Bruiser, by Neal Shusterman, and Sharing the Pain

BruiserA few days ago I read a book called Bruiser, by Neal Shusterman. The main character, a boy named Brewster, has the involuntary ability to take others’ injuries and pain onto himself… including their emotional pain. (Bruiser, get it??) As if absorbing everybody’s skinned knuckles and twisted ankles wasn’t enough, Brewster also takes on their rage, their grief, their worry. But there’s a defense mechanism: Brewster only absorbs people’s pain if he cares about them. The story follows Brewster as he meets twins Brontë and Tennyson, and begins to let both of them into his heart. Life is suddenly richer and fuller, but also more difficult and more painful.

The writing is fantastic. It’s told from the point of view of four different characters: the twins, Brewster’s little brother Cody, and Brewster himself. Each POV is written a little differently: Brontë chapters are told in past tense, and tend toward dramatic foreshadowing, reflecting her more reflective, sensitive perspective. Her twin brother Tennyson’s are told in present tense, quick and to the point: Tennyson is focused on the moment. Cody’s chapters are a peek into a nine-year-old’s mind… so basically whatever comes into his head. And Brewster’s chapters are in free verse.
The main antagonist of Bruiser is Brewster and Cody’s abusive uncle. But he’s not the main source of the problem, really: Brewster’s strange ability is. Even caring about Brontë and Tennyson opens him up to whole new worlds of pain. As they introduce him to their family and friends, Brewster needs to decide if he’ll let all these new people into his heart. Because caring about them comes with a price.

Just some bros talking about feelings and stuff

And that’s where things start to get interesting, because that’s not just true for Brewster. It’s true for us, too. Friendship opens us up to a lot of joy and love, but when we love someone, we also share their pain. When a coworker has a sick child, or when a friend is stressed about a relationship, we pick up on that. Deeply empathetic people or highly sensitive people, especially, may start to feel overwhelmed by all these “secondhand emotions”. How can anything be all right if this person you love is so, so sad? And if people all over the world are hurt and grieving and bitter, how can anything ever be all right?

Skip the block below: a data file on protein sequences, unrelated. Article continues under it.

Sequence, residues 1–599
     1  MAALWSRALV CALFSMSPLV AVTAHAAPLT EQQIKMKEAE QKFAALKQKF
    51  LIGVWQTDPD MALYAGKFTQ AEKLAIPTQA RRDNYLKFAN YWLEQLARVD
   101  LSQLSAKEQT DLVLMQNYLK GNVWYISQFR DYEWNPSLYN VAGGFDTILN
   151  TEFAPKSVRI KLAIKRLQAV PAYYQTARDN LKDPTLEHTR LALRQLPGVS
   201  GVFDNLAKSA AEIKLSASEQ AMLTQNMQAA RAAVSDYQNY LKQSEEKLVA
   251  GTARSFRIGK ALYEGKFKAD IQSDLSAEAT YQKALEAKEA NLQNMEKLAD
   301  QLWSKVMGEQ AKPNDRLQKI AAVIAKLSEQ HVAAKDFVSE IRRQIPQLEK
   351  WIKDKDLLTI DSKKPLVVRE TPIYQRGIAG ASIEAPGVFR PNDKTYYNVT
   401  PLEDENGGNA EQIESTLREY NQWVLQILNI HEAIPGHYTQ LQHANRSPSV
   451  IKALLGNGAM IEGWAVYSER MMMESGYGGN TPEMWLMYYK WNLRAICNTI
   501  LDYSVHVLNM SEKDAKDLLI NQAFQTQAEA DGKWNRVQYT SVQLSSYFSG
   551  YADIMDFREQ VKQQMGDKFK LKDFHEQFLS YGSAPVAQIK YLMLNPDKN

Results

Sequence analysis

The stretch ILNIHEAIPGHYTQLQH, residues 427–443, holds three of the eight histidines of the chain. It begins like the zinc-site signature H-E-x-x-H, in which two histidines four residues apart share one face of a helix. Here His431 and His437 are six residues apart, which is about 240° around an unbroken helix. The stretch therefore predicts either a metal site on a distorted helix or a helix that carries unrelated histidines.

The answer isn’t to shut everyone out (surprise!). As Shusterman writes,

“What’s the point of living if you’re going to hate the world? Guard your heart if you have to, but don’t shut it away.”

But on the flip side, we can’t take on everyone’s pain: we can’t fix everything. That’s a bit above my pay grade, and as a Christian, I’d say someone else has already taken on that job, anyway. Instead, I think our job, here on this broken, beautiful world, is to share the pain. Enter into it, but don’t try to take it all on yourself. Just be present in that dark place with the one you love.

At the end of the novel (spoiler alert), Brontë and Tennyson realize that Brewster has been taking away not only their injuries, but also their negative emotions. As gratifying as it was to have all that darkness drain away, they make a conscious decision to hang onto that pain, to embrace it, even. For Brewster’s sake, but also for their own. Because it’s an undeniable part of our experience, and to live without pain is to live only half awake. Caring is sharing both pain and joy.

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Author: Anna Enderle

Reader, writer, traveler, homebody, and champion at carrying in all the groceries with one trip.

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